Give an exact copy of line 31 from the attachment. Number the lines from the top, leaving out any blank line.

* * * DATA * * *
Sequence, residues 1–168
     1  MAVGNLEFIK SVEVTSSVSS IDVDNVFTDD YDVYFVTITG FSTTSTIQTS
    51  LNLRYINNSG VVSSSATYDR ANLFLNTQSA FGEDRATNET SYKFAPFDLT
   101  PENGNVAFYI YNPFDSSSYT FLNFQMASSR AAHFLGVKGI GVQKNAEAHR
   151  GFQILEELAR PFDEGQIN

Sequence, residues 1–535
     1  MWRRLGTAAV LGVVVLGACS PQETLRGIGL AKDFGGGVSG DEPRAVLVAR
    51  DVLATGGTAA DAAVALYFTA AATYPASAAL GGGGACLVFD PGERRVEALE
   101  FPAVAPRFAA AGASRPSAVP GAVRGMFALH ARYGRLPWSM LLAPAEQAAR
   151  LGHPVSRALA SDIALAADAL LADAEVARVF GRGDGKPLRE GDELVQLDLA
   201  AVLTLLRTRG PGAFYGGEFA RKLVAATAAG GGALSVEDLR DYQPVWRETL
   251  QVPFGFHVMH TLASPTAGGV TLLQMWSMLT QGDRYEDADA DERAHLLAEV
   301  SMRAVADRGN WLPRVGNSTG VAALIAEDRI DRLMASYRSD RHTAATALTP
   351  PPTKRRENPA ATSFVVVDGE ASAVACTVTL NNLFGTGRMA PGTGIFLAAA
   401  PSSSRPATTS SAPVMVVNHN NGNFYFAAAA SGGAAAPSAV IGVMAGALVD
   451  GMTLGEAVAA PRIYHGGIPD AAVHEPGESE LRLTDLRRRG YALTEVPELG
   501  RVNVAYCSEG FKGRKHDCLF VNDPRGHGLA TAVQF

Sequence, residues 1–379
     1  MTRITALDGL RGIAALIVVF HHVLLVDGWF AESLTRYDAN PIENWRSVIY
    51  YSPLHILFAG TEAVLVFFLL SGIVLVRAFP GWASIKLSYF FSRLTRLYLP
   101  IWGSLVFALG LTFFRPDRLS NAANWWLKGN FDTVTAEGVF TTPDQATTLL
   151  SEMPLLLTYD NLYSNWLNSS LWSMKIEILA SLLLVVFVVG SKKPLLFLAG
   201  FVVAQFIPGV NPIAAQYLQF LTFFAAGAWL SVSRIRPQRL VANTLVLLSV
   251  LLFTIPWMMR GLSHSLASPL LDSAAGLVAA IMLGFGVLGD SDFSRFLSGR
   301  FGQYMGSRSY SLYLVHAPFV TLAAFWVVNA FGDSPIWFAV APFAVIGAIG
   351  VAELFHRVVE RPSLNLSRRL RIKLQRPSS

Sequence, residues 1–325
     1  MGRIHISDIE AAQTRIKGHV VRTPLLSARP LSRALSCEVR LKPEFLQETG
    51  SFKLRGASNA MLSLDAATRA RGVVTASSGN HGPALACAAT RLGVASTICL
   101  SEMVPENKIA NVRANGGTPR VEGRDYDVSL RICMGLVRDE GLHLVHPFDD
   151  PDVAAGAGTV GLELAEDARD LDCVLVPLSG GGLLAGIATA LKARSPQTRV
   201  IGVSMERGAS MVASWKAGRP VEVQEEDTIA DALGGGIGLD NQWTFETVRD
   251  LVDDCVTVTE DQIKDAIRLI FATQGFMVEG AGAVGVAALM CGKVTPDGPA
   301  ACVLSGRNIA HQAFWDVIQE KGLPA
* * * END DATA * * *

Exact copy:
   151  PDVAAGAGTV GLELAEDARD LDCVLVPLSG GGLLAGIATA LKARSPQTRV